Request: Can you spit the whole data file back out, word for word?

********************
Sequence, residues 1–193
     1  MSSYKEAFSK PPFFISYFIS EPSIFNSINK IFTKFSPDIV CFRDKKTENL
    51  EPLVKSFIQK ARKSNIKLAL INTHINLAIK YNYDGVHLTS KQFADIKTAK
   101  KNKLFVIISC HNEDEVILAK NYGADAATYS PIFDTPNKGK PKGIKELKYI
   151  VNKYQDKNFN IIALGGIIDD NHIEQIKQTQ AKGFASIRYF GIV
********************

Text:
Sequence, residues 1–193
     1  MSSYKEAFSK PPFFISYFIS EPSIFNSINK IFTKFSPDIV CFRDKKTENL
    51  EPLVKSFIQK ARKSNIKLAL INTHINLAIK YNYDGVHLTS KQFADIKTAK
   101  KNKLFVIISC HNEDEVILAK NYGADAATYS PIFDTPNKGK PKGIKELKYI
   151  VNKYQDKNFN IIALGGIIDD NHIEQIKQTQ AKGFASIRYF GIV